Finding a reliable artificial lift pumping system for heavy oil thermal recovery has been a challenge mainly due to the high operating temperatures (>150°C). Available options such as Rod Pumps and Electrical Submersible Pumps (ESP), which are well proven in the industry, are not particularly well suited to thermal production. While Rod Pumps offer high temperature service, they are limited in the flowrate they can deliver. ESPs on the other hand, can handle high volumes of low viscosity fluids, but are still limited in terms of maximum operating temperature.
Progressing Cavity Pumps (PCP), with elastomeric stator, is economic to run and have done well in heavy oil cold production. These elastomers are however limited in temperature (<150°C). Through research work conducted by PCM and TOTAL, Metal PCP technology has been developed to meet the high temperature requirement of SAGD and other thermal recovery processes. Three models of the Metal PCP are now available to cover a wide range of flow rates for heavy oil production.
This paper presents an update on the Metal PCP development and the results of the world's first SAGD field trial of this type of pump currently on-going in Canada in the Joslyn field. Field performance data are discussed comparing high temperature ESP and metal PCP in actual LP-SAGD conditions.
Four SAGD well pairs were initially equipped with high temperature ESP. Another well pair was equipped with metal PCP. This well has been running since mid October 2006 without problems, in spite of low pressure at pump intake, close to steam flashing conditions. Production rate reached 200m3/d of liquid at 340rpm, giving a volumetric efficiency of 53%. Intake temperature is 160°C due to the LP-SAGD condition of the field. However, this pump is rated up to 350°C.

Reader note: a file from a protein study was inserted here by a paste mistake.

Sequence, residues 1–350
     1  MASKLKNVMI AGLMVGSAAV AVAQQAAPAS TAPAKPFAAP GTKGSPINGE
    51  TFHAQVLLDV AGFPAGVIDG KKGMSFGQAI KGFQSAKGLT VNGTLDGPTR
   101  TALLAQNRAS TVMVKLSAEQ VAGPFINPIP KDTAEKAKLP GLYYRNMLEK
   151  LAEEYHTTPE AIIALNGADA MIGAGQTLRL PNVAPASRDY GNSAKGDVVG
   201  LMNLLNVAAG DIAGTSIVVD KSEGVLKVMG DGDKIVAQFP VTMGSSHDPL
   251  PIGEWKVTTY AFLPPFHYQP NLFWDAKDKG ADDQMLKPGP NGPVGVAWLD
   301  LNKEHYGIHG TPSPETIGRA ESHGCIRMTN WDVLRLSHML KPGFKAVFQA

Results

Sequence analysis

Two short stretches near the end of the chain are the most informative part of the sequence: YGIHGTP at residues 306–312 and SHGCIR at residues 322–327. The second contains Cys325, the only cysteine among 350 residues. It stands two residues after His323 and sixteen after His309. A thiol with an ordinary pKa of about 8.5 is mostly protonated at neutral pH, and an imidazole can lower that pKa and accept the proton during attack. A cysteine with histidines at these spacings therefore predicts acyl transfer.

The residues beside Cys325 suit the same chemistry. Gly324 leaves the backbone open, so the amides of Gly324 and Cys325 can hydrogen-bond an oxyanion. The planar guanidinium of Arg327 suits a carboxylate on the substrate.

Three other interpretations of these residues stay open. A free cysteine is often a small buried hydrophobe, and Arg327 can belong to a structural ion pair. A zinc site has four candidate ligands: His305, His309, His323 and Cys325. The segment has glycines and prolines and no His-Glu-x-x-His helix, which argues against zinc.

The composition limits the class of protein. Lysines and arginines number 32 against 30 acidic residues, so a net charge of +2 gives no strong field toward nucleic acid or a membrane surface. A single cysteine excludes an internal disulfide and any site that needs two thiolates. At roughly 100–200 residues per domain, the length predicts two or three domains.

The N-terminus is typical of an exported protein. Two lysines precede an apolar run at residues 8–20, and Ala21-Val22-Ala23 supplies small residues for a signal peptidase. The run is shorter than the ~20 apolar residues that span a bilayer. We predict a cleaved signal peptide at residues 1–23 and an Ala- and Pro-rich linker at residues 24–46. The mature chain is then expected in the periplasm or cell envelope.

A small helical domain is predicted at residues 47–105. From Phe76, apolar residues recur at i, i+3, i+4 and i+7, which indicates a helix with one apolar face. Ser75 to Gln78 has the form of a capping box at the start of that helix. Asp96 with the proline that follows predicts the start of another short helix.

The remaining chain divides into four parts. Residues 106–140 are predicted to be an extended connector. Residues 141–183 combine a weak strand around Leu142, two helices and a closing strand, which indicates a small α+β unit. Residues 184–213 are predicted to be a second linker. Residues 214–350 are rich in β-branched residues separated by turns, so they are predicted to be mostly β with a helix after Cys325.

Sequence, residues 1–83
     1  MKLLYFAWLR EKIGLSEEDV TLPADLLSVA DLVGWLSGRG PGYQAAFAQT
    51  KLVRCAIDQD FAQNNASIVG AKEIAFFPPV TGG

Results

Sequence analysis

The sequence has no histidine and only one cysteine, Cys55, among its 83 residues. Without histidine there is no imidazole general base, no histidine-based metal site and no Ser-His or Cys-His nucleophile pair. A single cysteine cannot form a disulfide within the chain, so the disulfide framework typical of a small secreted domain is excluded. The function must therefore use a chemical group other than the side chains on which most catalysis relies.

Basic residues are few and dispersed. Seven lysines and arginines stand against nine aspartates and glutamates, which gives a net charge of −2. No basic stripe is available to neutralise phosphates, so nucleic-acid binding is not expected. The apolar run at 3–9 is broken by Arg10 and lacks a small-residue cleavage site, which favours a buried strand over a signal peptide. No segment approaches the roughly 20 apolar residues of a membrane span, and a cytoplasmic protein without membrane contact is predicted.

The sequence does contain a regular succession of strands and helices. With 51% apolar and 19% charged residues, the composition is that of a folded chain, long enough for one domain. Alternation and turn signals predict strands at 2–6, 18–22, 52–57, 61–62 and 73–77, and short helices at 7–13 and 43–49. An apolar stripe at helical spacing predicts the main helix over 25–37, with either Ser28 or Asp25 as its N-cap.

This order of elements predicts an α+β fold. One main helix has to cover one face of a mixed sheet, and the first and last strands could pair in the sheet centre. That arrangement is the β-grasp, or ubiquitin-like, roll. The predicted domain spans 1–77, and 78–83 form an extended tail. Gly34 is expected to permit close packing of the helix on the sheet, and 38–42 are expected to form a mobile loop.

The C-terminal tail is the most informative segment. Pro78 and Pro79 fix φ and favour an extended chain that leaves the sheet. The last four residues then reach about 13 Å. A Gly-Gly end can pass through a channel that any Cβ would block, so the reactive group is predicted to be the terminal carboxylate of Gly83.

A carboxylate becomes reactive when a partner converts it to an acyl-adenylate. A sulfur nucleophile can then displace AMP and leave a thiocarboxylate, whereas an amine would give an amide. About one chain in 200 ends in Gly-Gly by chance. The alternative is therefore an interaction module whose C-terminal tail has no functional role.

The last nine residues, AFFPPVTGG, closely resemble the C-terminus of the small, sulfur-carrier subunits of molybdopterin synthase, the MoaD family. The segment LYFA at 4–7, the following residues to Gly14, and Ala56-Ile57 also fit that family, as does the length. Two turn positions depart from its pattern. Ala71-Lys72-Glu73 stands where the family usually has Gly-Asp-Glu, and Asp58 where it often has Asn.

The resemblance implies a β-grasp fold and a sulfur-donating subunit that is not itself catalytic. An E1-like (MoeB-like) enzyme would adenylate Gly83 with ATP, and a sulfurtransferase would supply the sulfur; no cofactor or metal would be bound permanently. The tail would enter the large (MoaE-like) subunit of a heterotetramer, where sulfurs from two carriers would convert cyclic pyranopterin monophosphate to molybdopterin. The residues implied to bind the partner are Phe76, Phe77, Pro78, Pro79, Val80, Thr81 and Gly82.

This first field trial shows the metal PCP as a promising artificial lift technology for hot production. Following this encouraging trial, a second metal PCP has been installed with success in the same field and more installations were decided eventually. Thus, all ESP initially installed were replaced by PCP and ninewells are producing with Metal PCPs currently.
Recovery of the worlds huge reserve of extra heavy oil (mainly found in the oil sands of Canada and Venezuela) by thermal processes have been on the increase thanks to the high oil price. Key to this recovery process is artificial lift, which is required due to the very high density and viscosity of the crude and relatively low reservoir pressures. Although gas-lift remains an artificial lift option when high-pressure gas is available, pumping techniques are more popular due to their relatively higher efficiency and ability to generate more head at surface for delivery to treating plant.
The main challenge however with hot pumping is the rather high temperatures often required (up to 260°C for SAGD and 350°C for Cyclic Steam Stimulation (CSS))
The dominant pumping technologies available are Beam/Jack Pumps, Electric Submersible Pumps (ESP) and Elastomer Progressing Cavity Pumps. But all these pumps have their peculiar limitations for hot production: while Beam Pumps offer high temperature service, they are limited in the flowrate they can deliver. ESPs on the other hand, can handle high volumes of low viscosity fluids, but are still limited in terms of maximum operating temperature. For the PCP, the limitation is operating temperature of the elastomer (maximum 150°C).
Through research work conducted by PCM and TOTAL, Metal PCP technology has been developed using hydro-forming technology to meet the high temperature requirement of SAGD and other thermal recovery processes. This paper presents the world's first SAGD field trial of this type of pump in Canada in the Joslyn field and compares their operating performance to high temperature ESP.